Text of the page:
NPS Investigates Sulfur Smells in Kalaupapa Crater
The smell of sulfur around the lake in Kalaupapa National Historical Park’s (KNHP’s) Kauhako crater has worried some of the settlement’s residents, but National Park Service (NPS) scientists say the peninsula is not in danger.
Recent studies suggest the crater’s lake may have undergone an “overturning” event, in which hydrogen sulfide (H2S) gas locked in the water’s deepest layers was released, according to NPS Biological Science Technician Kim Tice. This could have been caused by a small landslide or a thinning of the lake’s top layer because of drought conditions, she said.
Visitors to the crater noticed the smell as early as Sept. 28, Tice said during a presentation at Kalaupapa’s community meeting last week.
Heavier than oxygen, H2S should sit at the bottom of the crater, Tice said. If any were to escape above the crater, it would be quickly blown away by trade winds.
“None of the safety experts I’ve talked to say the community is at any risk,” Tice said. “This event doesn’t suggest anything about volcanic activity.”
Still, several residents said before and during the presentation that the reports of sulfur smell are of concern.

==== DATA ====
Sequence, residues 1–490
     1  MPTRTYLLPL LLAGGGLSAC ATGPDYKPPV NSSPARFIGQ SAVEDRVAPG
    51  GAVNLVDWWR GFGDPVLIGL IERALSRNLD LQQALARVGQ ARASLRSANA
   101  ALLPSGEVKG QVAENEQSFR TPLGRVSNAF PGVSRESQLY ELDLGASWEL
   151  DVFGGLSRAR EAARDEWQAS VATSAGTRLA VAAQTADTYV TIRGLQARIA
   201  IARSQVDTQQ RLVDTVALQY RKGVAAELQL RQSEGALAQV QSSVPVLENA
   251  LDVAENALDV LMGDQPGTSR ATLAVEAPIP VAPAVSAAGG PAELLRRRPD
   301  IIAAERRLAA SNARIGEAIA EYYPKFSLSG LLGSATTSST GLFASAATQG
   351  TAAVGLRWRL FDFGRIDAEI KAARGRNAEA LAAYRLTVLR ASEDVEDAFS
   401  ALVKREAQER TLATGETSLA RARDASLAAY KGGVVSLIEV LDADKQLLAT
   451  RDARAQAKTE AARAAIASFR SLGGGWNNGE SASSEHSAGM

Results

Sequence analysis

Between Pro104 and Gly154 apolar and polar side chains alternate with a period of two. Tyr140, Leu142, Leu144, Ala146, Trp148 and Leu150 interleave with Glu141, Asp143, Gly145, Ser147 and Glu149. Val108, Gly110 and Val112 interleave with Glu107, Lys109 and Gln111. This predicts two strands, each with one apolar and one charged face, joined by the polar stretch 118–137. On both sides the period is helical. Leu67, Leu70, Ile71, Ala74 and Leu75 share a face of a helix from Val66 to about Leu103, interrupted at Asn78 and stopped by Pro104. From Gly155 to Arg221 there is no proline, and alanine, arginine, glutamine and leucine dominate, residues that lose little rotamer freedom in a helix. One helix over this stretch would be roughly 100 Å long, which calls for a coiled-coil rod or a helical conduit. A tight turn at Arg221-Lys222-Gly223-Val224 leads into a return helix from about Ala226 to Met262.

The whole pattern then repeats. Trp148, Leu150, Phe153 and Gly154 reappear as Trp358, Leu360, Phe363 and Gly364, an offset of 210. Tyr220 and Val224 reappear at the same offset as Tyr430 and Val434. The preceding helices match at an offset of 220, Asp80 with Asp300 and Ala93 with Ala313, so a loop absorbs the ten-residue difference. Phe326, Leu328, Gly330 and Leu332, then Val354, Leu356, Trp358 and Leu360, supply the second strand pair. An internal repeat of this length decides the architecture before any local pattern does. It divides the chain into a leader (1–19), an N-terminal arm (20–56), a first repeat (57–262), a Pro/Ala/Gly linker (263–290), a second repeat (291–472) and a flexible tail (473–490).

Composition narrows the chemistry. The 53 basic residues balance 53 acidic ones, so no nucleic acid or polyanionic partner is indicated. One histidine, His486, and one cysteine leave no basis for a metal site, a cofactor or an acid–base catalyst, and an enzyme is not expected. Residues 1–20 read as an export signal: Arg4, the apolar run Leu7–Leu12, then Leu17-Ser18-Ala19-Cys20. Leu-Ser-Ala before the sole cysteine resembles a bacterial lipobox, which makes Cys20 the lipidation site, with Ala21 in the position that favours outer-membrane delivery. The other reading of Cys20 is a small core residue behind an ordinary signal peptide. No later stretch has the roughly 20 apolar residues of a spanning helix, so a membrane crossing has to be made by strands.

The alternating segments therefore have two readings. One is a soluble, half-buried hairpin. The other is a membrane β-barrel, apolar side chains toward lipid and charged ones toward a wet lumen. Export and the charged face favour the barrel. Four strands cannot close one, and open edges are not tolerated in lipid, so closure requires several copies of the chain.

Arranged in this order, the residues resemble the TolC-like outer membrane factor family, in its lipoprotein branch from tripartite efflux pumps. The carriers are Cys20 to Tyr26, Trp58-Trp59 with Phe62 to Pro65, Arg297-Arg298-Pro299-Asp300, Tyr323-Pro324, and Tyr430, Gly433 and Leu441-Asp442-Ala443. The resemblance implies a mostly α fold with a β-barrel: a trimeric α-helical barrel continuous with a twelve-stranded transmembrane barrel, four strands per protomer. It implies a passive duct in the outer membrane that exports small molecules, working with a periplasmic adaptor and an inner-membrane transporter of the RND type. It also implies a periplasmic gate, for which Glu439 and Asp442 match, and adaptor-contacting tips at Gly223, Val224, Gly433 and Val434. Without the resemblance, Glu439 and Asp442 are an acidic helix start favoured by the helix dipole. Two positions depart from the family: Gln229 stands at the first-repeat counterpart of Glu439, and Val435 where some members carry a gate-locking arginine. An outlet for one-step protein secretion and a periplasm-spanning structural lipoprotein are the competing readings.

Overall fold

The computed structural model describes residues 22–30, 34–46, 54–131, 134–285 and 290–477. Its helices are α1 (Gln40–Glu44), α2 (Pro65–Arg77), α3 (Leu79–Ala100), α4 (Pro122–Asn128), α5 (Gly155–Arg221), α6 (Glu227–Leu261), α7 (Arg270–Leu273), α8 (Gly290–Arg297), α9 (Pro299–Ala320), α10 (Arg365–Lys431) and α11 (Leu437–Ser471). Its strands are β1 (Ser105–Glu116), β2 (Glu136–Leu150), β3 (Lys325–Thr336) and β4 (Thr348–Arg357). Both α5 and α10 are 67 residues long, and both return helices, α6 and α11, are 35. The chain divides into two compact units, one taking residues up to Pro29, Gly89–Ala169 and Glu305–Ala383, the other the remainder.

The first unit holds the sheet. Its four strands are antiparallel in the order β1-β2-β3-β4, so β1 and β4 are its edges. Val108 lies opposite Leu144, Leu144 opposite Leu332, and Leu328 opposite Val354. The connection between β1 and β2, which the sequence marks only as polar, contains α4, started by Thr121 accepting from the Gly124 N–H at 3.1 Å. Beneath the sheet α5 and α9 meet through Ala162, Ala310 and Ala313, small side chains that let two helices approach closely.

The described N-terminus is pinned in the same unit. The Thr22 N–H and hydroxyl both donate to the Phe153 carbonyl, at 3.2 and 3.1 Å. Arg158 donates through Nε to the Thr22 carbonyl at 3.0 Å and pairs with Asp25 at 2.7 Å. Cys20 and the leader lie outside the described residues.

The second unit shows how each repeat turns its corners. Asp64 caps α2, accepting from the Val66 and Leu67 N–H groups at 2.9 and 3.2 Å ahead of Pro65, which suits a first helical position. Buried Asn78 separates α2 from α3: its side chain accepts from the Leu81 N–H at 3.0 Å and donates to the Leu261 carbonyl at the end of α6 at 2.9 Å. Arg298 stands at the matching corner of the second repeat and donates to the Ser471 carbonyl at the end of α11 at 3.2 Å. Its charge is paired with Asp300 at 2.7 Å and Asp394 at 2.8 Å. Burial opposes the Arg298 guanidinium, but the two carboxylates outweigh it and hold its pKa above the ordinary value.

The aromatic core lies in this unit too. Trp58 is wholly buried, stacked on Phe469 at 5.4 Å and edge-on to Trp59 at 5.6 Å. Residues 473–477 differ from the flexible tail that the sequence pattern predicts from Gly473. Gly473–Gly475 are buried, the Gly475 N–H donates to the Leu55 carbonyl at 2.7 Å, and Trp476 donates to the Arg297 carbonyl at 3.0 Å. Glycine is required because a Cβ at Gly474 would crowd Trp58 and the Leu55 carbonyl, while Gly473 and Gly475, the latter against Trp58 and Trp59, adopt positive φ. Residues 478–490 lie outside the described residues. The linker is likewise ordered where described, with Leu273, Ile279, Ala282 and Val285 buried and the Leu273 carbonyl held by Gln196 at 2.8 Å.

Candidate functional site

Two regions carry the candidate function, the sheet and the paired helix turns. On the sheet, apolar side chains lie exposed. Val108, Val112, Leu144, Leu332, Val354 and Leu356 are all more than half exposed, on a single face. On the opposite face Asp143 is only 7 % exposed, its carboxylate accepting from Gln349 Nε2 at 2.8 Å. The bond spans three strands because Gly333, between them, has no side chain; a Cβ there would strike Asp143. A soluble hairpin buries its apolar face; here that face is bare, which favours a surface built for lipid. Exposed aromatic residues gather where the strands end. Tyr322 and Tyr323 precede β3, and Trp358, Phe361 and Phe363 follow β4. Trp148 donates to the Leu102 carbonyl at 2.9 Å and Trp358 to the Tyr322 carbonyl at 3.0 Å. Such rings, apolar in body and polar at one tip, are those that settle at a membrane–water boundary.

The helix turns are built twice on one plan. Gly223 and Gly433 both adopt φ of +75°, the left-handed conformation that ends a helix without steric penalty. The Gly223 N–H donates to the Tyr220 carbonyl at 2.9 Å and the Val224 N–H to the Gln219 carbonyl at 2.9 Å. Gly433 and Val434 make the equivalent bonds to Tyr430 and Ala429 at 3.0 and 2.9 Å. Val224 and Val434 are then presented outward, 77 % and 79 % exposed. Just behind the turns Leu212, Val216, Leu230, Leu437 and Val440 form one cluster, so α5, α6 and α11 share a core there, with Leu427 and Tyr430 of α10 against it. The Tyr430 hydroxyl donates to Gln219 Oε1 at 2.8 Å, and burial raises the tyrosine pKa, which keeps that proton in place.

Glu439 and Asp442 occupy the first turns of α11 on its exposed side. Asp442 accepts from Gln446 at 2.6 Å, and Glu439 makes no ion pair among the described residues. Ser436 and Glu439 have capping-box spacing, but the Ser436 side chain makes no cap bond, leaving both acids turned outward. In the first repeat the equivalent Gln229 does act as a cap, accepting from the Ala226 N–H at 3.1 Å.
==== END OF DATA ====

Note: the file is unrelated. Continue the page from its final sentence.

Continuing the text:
“You cannot tell the people, ‘don’t get upset about this,’ because some people, it bothers them,” said patient-resident Gloria Marks.
NPS has closed the trail into the crater and will continue talking to national experts and monitoring the lake in the coming months. NPS Terrestrial Ecologist Paul Hosten has been in touch with representatives from the U.S. Geological Survey about a potential visit, he said, and NPS plans to invest in H2S-measuring equipment in the coming weeks.
Kauhako crater and Kalaupapa peninsula were formed about 230,000 years ago by the volcano Pu`u `Uao, according to Tice’s report. The lake, formed at the center of the 420-foot tall crater, is the fourth deepest in the United States at about 830 feet, she said.
The lake’s top layer, made of a mixture of fresh and salt water containing oxygen, generally maintains a depth of about 10 feet, according to scientists. The underlying layer is marine water that is anaerobic, or without oxygen, and produces H2S.
Although the lake was once believed to have been connected to the Pacific Ocean, tides and other evidence suggest there is currently no open connection to the sea, according to Tice.
Tice and residents agreed there is no record or memory of a similar sulfur smell. Some questioned the spiritual implications of the unusual event.
“I think that our life is at stake … to think this is the first time this has happened at Kalaupapa,” Marks said. “I think this is a sign … and we should be prepared.”